Legislative Assembly for the ACT: 2006 Week 10 Hansard (17 October) . . Page.. 3143..
MR STANHOPE (continuing):
recognition and status as one of the great wines of Australia. I was talking to Tim Kirk just recently. He informed me that he is now selling more Clonakilla in New York than he sells in Australia. It gives some indication of the extent to which the regional wine industry is going ahead in leaps and bounds with high quality, world-class wine.
The number of Canberra district five-star wineries represented in James Halliday's most influential Australian Wine Companion has increased from one in last year's edition to four in this year's edition. It might not sound like many, but it is very significant that James Halliday is now rating four local wineries as five-star wineries-a jump from one to four in just the last year.
The number of Canberra district wineries represented last week in the international riesling challenge grew from 18 last year to 27 this year. Indeed, the Canberra riesling challenge itself has grown from 100 exhibitors in just six years to just over 450 last week, including 100 international wineries-90 from Germany alone-now rushing to be part of this significant Canberra-based international wine challenge.
Similarly, in the last couple of years the region has experienced an enormous expansion in activities aimed at attracting tourism, such as the wine, roses and all that jazz festival, the Canberra district wine harvest and the fireside festival, which commenced last year. I am told that an enormously successful new event called the Murrumbateman moving feast will be another new event with Canberra at the table. This industry is important and it is growing exponentially.
MS PORTER: Mr Speaker, I have a supplementary question. Will there necessarily be a negative impact on the region's wine industry from the announcement by the Hardy Group that it intends to divest itself of the Kamberra operation?
MR STANHOPE: It is fair to say that the announcement by Hardy that it had proposed to divest itself of Kamberra initially sent something of a shudder through the wine industry. However, members of the industry thought their way through the implications of that. As a result of the significance and the strength of-and the confidence in-the wine industry in the ACT, there is a real confidence that the sale by Hardy's of Kamberra will not impact negatively on the industry.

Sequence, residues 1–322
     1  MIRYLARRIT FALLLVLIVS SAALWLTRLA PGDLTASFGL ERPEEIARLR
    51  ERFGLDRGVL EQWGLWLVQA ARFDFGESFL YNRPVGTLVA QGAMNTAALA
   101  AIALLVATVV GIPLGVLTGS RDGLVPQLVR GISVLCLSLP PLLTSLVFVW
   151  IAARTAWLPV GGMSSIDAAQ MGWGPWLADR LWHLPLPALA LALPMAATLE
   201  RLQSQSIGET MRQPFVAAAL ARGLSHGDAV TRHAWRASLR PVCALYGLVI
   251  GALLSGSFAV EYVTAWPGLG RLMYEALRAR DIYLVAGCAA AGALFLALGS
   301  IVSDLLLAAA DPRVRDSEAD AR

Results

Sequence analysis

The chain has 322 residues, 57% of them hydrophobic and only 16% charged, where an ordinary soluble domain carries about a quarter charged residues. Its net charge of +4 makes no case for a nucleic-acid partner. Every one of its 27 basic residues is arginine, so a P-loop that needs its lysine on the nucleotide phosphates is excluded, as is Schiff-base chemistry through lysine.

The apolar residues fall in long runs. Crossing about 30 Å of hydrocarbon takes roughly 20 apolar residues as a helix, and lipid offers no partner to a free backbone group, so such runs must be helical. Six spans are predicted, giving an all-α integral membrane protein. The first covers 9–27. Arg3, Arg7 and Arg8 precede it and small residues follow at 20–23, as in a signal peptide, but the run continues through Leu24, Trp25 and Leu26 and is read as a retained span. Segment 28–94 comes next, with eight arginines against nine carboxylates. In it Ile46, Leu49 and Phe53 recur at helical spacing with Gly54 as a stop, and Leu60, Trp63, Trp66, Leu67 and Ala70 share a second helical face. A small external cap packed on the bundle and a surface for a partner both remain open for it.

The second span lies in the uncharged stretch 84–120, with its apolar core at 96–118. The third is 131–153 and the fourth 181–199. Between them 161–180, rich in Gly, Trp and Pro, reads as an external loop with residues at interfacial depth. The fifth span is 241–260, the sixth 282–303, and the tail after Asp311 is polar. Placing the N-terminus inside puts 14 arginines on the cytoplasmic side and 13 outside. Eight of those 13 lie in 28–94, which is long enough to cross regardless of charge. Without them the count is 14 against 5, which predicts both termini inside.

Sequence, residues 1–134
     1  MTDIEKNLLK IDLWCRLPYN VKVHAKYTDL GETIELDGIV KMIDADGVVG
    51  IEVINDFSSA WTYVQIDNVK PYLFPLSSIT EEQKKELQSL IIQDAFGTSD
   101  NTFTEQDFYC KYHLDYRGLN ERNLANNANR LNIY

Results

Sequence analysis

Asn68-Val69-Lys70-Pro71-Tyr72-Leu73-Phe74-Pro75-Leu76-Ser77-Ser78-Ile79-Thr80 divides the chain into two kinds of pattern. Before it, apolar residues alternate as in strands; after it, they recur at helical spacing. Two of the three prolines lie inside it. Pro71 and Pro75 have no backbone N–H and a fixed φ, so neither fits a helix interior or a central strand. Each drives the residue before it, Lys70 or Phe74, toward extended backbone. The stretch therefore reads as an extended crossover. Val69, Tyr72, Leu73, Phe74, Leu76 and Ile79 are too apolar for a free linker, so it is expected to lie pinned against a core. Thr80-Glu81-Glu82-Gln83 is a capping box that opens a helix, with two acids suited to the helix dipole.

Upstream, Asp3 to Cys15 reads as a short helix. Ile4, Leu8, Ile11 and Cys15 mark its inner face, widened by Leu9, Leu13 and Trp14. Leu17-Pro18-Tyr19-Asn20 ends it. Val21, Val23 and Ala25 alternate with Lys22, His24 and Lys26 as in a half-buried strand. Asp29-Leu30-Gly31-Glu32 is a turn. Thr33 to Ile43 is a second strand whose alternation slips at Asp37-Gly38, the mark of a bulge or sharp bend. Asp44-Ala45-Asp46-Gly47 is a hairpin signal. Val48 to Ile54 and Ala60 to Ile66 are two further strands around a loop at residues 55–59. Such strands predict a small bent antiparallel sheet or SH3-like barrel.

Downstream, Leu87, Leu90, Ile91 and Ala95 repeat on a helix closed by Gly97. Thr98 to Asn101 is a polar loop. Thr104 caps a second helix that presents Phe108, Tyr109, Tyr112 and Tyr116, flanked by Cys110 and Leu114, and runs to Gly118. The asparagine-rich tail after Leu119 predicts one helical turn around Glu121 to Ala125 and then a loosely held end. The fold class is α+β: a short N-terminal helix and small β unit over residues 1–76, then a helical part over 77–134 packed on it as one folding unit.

There are some scenarios that would be of major concern if they were to come to pass. The possibility of an investor or an out-of-town winemaker buying Kamberra and essentially stripping it and removing the very significant wine-making capacity within the winery would be a problem. There are potential scenarios, the worst case being that Kamberra might be purchased by an out-of-town winemaker looking simply to divine, to remove-at perhaps a premium cost to himself-the equipment that is comprised in the winery.
It is a state-of-the-art, excellent facility. It is a very new winery with fantastic equipment and it has been an enormous boon to the development and stature of the industry in the territory. Hardy's has made an enormous contribution to the growth of the industry in terms of its stature, its quality and its professionalism. The investment by the ACT government and by the local wine community in Canberra has been a very worthwhile investment.